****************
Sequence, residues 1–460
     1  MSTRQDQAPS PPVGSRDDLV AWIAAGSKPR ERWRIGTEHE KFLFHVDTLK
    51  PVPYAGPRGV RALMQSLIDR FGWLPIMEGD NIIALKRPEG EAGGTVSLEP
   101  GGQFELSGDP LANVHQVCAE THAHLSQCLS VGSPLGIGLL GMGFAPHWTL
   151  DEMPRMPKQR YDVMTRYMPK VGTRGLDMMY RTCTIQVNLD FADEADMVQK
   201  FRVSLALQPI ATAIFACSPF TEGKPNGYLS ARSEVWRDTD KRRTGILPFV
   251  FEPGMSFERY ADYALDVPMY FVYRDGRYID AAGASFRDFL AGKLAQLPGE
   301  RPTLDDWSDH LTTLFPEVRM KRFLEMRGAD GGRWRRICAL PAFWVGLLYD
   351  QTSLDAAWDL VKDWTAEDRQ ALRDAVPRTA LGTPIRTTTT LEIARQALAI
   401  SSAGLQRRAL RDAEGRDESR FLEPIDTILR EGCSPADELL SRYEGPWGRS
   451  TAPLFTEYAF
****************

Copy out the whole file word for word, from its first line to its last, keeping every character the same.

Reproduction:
Sequence, residues 1–460
     1  MSTRQDQAPS PPVGSRDDLV AWIAAGSKPR ERWRIGTEHE KFLFHVDTLK
    51  PVPYAGPRGV RALMQSLIDR FGWLPIMEGD NIIALKRPEG EAGGTVSLEP
   101  GGQFELSGDP LANVHQVCAE THAHLSQCLS VGSPLGIGLL GMGFAPHWTL
   151  DEMPRMPKQR YDVMTRYMPK VGTRGLDMMY RTCTIQVNLD FADEADMVQK
   201  FRVSLALQPI ATAIFACSPF TEGKPNGYLS ARSEVWRDTD KRRTGILPFV
   251  FEPGMSFERY ADYALDVPMY FVYRDGRYID AAGASFRDFL AGKLAQLPGE
   301  RPTLDDWSDH LTTLFPEVRM KRFLEMRGAD GGRWRRICAL PAFWVGLLYD
   351  QTSLDAAWDL VKDWTAEDRQ ALRDAVPRTA LGTPIRTTTT LEIARQALAI
   401  SSAGLQRRAL RDAEGRDESR FLEPIDTILR EGCSPADELL SRYEGPWGRS
   451  TAPLFTEYAF